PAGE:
Overcoming addiction is a difficult journey through which various aspects of one's life are altered. We are motivated to resist addiction so that we can improve our relationships, our finances, and our overall health. Our minds and bodies struggle with addiction; knowing how substances interact with our bodies will give us an advantage toward achieving sobriety. The human brain is the body's multiplex organ. Substance use alters the way our brain communicates with our body.
How the Brain Communicates
The brain is comprised of an intricate network of billions of cells called neurons that send and receive messages. Neurons communicate with one another by releasing chemicals called neurotransmitters. When a neuron wants to send a message, it releases a neurotransmitter. The neurotransmitter travels along a synapse, connection between two neurons, and attaches to the receiving cell. Information is released to the receiving cell. Once the message is received, molecules called transporters bring the neurotransmitter back to the neuron from which it was released. These communications via neurotransmitters occur throughout the brain innumerably and also throughout the body by way of the peripheral nervous system. Addictive substances alter the manner in which messages are relayed in the brain by disrupting the function of neurotransmitters.
Substances Alter the Brain's Natural High
Substance use generates a feeling of euphoria. Our brains produce a neurotransmitter called dopamine that naturally conjures intense pleasure. When we partake in an enjoyable activity such as eating, socializing, or sexual intercourse our brain responds by releasing dopamine and we experience a natural high. Addictive substances trigger our brain to release unnaturally large levels of dopamine, thereby intensifying our pleasure response. As a result of substance use, our natural response to pleasure becomes reduced, neurotransmitters become less receptive and our brain develops a tolerance. Soon, we are no longer able to achieve a sufficient, natural high without the use of substances.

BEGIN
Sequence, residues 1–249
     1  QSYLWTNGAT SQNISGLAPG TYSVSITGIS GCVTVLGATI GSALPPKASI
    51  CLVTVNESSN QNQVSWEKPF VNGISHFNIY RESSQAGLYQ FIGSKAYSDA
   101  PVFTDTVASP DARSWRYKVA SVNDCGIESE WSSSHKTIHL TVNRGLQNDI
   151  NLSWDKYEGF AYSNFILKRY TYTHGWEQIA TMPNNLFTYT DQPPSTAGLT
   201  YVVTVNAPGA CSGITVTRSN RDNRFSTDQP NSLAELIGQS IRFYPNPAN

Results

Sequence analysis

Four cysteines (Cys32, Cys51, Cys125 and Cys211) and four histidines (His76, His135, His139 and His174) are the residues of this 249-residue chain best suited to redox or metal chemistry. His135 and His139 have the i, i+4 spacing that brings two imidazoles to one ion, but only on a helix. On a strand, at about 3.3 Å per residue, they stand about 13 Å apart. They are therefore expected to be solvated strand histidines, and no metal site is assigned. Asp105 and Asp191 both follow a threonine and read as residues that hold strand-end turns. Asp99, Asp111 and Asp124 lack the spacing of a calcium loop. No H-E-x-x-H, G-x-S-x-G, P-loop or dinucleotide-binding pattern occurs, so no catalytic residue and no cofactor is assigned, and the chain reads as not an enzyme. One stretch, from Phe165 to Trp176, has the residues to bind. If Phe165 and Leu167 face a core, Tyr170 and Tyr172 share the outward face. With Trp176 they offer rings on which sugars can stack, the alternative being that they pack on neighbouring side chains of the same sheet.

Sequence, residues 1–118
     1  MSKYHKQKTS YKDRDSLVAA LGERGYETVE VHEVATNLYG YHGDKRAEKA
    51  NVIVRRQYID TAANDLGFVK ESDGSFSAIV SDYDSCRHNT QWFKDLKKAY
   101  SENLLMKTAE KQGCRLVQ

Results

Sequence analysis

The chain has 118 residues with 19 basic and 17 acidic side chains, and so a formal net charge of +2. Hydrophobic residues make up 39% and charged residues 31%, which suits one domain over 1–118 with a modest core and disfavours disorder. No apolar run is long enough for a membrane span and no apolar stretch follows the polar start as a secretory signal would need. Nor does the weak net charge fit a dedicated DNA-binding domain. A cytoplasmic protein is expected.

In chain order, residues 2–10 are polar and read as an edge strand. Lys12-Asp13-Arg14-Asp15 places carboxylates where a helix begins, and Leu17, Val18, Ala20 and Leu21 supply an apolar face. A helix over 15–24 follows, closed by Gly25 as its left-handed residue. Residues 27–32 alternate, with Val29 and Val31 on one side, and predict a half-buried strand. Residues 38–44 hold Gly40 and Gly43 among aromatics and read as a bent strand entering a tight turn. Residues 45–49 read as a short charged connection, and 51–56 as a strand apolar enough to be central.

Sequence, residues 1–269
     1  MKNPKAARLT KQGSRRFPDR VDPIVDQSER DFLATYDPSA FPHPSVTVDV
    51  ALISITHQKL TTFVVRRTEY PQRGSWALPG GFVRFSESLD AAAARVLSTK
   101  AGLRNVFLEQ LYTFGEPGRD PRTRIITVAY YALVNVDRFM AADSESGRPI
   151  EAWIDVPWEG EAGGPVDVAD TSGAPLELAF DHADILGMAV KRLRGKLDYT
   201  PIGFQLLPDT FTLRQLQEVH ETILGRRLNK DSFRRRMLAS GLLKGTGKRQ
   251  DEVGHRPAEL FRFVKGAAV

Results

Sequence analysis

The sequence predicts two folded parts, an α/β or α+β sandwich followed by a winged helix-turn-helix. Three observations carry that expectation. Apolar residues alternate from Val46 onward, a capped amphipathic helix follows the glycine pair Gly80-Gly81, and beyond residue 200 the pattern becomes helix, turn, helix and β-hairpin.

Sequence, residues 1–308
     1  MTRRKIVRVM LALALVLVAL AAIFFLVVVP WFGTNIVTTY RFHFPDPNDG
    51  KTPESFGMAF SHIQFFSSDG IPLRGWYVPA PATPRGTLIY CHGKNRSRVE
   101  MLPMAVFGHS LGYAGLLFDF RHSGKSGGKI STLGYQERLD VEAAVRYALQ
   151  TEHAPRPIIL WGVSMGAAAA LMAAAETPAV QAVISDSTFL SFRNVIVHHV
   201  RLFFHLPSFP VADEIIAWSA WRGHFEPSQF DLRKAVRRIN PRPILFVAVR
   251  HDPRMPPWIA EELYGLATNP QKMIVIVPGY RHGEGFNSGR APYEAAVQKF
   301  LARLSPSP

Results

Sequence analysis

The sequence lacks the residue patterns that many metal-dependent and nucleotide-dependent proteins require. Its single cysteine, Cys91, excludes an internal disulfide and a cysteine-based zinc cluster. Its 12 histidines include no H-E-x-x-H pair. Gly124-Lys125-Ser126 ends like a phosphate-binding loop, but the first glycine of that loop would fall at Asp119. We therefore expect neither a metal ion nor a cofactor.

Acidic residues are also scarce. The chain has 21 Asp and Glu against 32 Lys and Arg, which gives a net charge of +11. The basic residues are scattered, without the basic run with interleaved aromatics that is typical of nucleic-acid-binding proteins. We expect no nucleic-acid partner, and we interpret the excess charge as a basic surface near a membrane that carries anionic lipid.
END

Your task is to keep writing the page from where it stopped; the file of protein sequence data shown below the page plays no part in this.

In addition to dopamine release, our brains learn to associate exterior cues with pleasurable activities. For instance, you may associate an event complex with socialization and crave attending the next occasion. When substances influence your pleasure response, for example, your brain learns to associate paraphernalia with the response and you crave the substance upon sight of the paraphernalia. Other exterior cues may include people or locations.
A brain that has been influenced by substances has a high tolerance for pleasure response; the basal ganglia section of the brain becomes over-reactive with euphoria. When we withdrawal the substance, our normal pleasure response becomes less intense and we feel less joy when experiencing previously gratifying situations. The area of the brain called the extended amygdala plays a role in stress response and is responsible for feelings such as anxiety and irritability which are characteristic withdrawal symptoms when a substance is removed. The prefrontal cortex area of the brain continues to work hard to problem solve and to exert self-control. However, substance use makes it increasingly difficult for the prefrontal cortex to balance the rewards afforded to the basal ganglia versus the intensified withdrawal response of the extended amygdala. In short, all of these areas of the brain are affected and our impulse control becomes challenged. Abused substances have reconstructed the communication patterns between neurons, challenging our brains and bodies to resist something that now helps us to feel wonderful. Overcoming addiction enables your brain to begin to repair itself.
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